Parallel, Sequential, Async, and Sync Models

I’ve been pondering a common misconception: Microservices are synchronous. Or, Microservices are asynchronous. Both are actually missing the point!

The use of common libraries when implementing microservices using HTTP as a transport has many characteristics of synchronous coding. A request is made, and then one blocks until the result is availble, and then processes the result of the request. That sounds like synchronous code.

However, it’s only the way the code is written that makes it synchronous. For instance, if instead of using a library that takes the request details and returns a set of results, one could use a library that issues the request and then returns without waiting for the eventual results. That would shift the model to asynchronous programming.

So, are microservices synchronous or asynchronous?

What’s the real difference? Actually, it’s easier to show than tell …

Parallel vs Sequential

Before worrying about the synchronous vs. asynchronous, the more abstract concepts of parallel vs. sequential need to be examined. Here is a parallel process diagram:

There is a layout that looks like A then B then C might be fired in that order. This is nothing more than accidental sequence. The meaning of that UML diagram is that Tasks A, B, and C may run in any order, and until each has completed, the computation won’t be considered done. In particular, the tasks can run in parallel (literally, if there’s three cores, or three distributed machines). Said another way, tasks A, B, and C have no inter-dependencies. They are independent tasks.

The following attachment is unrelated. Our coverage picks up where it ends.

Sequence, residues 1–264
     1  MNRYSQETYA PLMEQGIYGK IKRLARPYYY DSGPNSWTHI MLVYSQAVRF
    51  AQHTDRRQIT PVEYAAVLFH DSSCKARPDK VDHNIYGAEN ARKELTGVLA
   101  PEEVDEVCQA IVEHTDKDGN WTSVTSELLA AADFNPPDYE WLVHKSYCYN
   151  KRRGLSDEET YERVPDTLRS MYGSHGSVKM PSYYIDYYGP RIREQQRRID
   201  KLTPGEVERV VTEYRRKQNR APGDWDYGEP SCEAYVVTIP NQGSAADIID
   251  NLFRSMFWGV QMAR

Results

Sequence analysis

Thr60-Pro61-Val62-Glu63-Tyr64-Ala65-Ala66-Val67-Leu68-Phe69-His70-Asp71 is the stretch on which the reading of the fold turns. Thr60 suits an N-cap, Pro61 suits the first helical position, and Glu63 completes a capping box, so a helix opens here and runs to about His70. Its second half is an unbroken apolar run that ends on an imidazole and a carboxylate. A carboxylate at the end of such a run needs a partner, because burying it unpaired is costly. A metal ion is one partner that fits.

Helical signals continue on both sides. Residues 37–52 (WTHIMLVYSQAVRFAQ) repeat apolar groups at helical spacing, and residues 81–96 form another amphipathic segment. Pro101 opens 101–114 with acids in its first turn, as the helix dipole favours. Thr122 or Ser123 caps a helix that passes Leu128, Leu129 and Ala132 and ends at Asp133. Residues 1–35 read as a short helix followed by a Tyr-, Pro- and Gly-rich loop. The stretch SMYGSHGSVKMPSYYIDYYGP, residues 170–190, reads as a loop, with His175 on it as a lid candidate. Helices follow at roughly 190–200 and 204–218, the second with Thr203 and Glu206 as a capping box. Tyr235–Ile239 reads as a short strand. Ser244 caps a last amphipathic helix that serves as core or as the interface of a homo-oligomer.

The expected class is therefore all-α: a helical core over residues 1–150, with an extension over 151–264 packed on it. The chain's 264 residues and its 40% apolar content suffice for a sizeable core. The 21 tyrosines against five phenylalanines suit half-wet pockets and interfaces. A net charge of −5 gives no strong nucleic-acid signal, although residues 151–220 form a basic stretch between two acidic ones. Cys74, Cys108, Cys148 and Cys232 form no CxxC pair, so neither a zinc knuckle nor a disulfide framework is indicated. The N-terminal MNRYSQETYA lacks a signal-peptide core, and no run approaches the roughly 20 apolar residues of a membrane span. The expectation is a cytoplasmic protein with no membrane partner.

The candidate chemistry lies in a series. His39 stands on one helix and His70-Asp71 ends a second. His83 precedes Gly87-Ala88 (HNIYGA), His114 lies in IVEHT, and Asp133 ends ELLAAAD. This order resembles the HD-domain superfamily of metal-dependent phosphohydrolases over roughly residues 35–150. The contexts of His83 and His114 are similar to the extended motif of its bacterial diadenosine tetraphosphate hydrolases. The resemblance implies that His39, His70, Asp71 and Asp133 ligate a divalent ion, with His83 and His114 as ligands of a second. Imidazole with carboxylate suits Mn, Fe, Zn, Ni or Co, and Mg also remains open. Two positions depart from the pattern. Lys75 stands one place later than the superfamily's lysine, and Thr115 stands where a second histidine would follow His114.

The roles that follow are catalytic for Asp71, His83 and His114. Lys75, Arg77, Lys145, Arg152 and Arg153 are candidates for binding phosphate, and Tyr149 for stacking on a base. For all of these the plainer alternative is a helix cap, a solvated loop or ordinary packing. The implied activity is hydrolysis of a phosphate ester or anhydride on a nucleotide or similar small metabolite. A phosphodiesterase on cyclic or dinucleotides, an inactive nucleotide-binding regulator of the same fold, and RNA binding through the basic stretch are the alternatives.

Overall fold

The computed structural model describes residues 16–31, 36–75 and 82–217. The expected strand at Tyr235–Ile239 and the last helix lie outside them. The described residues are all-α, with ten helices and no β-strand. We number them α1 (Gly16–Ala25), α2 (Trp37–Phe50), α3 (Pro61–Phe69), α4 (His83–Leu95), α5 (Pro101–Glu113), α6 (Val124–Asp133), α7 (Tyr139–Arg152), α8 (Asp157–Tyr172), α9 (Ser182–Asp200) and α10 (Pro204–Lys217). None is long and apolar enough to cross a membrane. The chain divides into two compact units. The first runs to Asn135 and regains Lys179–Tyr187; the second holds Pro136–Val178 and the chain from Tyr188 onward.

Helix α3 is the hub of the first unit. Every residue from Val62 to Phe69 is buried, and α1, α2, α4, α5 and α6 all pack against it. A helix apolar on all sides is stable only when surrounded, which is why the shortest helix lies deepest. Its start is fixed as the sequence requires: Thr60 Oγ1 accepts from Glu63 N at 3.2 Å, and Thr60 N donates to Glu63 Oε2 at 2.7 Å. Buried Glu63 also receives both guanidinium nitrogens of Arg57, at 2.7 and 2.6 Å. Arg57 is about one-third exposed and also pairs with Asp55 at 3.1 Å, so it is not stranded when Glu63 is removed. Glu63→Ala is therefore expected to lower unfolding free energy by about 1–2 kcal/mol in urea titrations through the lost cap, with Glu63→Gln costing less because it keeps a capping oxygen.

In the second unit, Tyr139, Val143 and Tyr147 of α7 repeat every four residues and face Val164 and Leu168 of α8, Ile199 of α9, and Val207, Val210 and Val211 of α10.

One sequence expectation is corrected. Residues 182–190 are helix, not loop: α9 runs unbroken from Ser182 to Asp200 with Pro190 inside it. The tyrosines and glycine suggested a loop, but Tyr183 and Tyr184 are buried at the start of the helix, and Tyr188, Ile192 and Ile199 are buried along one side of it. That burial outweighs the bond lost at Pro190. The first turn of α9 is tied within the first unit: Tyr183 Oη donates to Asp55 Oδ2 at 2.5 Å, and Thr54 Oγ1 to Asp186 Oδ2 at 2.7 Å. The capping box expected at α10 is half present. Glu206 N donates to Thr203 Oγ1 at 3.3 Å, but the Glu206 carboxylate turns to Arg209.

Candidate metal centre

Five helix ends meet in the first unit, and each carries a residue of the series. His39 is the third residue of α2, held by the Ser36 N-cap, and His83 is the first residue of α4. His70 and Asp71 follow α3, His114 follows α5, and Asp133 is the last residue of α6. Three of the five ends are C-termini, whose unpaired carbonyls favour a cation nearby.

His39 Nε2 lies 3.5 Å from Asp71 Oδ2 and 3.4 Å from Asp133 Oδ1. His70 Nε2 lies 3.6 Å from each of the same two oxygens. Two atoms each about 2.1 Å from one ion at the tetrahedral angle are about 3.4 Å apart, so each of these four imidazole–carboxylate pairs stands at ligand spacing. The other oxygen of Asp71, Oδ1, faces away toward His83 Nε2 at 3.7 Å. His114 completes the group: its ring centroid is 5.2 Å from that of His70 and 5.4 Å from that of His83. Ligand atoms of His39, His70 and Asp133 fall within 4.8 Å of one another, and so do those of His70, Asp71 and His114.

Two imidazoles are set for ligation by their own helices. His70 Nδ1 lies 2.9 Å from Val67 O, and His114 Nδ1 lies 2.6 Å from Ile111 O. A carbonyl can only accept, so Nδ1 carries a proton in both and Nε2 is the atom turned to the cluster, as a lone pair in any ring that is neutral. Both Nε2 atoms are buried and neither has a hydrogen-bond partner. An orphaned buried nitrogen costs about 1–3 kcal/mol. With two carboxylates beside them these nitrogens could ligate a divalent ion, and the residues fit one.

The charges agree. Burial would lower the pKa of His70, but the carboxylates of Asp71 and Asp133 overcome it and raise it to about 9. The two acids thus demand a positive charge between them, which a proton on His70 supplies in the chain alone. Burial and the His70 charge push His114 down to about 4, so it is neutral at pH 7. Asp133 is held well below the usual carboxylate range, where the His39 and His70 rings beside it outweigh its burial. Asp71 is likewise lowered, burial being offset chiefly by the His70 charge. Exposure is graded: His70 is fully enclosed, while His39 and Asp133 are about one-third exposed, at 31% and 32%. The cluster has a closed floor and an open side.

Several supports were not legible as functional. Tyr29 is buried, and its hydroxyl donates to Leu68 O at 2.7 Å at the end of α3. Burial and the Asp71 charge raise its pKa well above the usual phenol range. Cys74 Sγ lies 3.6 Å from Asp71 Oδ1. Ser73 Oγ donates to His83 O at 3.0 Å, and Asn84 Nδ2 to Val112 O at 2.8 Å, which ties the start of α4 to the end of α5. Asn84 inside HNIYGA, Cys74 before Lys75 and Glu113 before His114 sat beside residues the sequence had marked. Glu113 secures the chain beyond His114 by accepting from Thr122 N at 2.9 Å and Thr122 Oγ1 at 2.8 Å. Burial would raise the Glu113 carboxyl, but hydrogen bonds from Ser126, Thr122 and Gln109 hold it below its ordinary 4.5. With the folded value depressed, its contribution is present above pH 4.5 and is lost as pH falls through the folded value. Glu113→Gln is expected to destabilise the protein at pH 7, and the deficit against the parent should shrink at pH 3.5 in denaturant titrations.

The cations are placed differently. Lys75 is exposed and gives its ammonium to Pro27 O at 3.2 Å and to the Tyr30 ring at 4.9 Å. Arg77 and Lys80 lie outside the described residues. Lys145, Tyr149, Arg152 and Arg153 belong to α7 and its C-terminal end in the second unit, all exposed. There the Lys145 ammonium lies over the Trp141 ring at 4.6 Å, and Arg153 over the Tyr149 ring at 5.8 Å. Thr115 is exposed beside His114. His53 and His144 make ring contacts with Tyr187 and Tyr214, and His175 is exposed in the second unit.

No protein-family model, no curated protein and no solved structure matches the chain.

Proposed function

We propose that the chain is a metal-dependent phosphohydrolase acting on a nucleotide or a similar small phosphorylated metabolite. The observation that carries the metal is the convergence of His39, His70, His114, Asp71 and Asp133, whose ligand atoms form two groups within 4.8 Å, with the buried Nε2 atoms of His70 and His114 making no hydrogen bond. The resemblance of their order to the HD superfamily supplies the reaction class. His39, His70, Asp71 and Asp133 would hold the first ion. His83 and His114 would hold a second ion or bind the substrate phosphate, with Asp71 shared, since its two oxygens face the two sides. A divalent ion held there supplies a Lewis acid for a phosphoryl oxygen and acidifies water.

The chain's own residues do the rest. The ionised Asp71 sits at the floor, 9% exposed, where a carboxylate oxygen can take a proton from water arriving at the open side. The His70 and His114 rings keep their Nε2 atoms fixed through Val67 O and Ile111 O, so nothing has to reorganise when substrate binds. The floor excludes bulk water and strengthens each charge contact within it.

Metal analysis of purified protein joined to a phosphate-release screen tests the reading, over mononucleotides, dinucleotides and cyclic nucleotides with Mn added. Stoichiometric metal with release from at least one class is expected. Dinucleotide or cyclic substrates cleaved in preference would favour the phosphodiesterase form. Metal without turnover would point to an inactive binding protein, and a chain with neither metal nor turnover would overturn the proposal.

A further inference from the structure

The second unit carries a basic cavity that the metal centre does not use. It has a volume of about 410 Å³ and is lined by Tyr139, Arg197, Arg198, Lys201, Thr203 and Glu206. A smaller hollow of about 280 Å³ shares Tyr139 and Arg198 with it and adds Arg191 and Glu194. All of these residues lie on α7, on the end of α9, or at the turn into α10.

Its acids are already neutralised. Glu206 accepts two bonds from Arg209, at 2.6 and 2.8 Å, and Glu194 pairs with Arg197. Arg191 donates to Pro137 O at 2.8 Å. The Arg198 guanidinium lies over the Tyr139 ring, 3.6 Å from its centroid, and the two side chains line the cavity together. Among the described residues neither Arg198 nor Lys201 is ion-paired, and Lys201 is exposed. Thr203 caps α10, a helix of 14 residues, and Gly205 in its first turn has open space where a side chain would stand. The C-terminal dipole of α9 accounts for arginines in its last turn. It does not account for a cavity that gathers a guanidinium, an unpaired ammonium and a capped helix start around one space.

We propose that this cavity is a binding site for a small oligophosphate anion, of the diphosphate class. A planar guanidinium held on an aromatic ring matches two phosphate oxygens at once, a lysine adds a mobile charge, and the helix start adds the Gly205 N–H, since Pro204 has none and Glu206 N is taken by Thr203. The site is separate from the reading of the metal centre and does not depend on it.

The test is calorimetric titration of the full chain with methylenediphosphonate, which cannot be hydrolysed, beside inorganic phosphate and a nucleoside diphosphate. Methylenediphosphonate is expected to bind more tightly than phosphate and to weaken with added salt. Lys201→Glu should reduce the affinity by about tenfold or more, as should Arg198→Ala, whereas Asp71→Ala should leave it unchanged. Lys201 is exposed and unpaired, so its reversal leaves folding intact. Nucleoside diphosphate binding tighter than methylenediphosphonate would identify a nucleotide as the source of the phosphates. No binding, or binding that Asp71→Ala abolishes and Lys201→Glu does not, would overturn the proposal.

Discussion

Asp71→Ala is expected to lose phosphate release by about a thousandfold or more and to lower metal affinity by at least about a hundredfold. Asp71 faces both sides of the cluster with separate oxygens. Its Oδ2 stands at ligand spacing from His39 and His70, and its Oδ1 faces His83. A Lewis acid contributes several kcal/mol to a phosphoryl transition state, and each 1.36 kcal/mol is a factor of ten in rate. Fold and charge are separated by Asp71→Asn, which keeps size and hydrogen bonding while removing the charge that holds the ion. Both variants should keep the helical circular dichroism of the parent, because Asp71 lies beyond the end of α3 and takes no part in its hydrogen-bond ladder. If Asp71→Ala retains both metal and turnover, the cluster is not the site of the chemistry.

It is legal to implement this as a simple sequential set of steps:

  1. Task B
  2. Task A
  3. Task C

Why B, A, C, vs A, B C? Why not? ANY order is legal, so any assumption of what a developer might do to put them sequentially is irrelevant. I gave a legal sequence that would accomplish the above computation.

How could it actually be implemented in parallel, though?

That would require some form of concurrency support. The launching is trivial, but the completion requires a barrier–completion can’t be claimed until all three tasks have completed. Of course, it would also need to “complete” in some way if one (or more) of the tasks fail but that’s outside the scope of this article.

What might a true parallel launch look like? Here’s pseudo code for such:

  let cb = new CompletionBarrier()
  launch new TaskA(), cb
  launch new TaskB(), cb
  launch new TaskC(), cb

I intentionally used nothing like an existing language just to avoid language war issues. How this runtime will launch the tasks, how it will update the barrier, etc., are implementation details. But, notice that launching in this does not wait for the newly created object to start, do its work, and exit.

The system (this thread, process, whatever the implementation model) is blocked until all the tasks launched complete. They might, of course, complete (and launch) in any order, including fully concurrently.

Fundamentally, this is what differentiates parallel vs. sequential: in parallel, the order is undefined and irrelevant and in sequential it is not.

It’s common for most people to reason about sequential processing. So much so that when systems are heavily concurrent the teams make questions on non-sequential processing a strong part of their interview process…and they’re right.

Easy vs. Hard

However, it’s not true that sequential is inherently easier than parallel. The reason it’s easier for most is because most have never been taught about parallel. Even the way computer programming is described, where the computer is told what to do “step by step,” implies sequential. The reality is more nuanced.

It’s harder to do what hasn’t been learned. Learn parallel, concurrent, distributed, etc., and it’s no longer hard. It’s hard to drive a stick shift car, until you learn. Then it’s hard to endure an automatic (really hard — I still drive a stick).